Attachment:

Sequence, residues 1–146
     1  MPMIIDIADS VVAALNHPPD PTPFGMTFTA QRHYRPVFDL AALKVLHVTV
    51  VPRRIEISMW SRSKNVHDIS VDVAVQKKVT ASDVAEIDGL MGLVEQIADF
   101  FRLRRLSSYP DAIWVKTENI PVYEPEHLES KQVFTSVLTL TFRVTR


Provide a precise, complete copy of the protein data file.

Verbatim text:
Sequence, residues 1–146
     1  MPMIIDIADS VVAALNHPPD PTPFGMTFTA QRHYRPVFDL AALKVLHVTV
    51  VPRRIEISMW SRSKNVHDIS VDVAVQKKVT ASDVAEIDGL MGLVEQIADF
   101  FRLRRLSSYP DAIWVKTENI PVYEPEHLES KQVFTSVLTL TFRVTR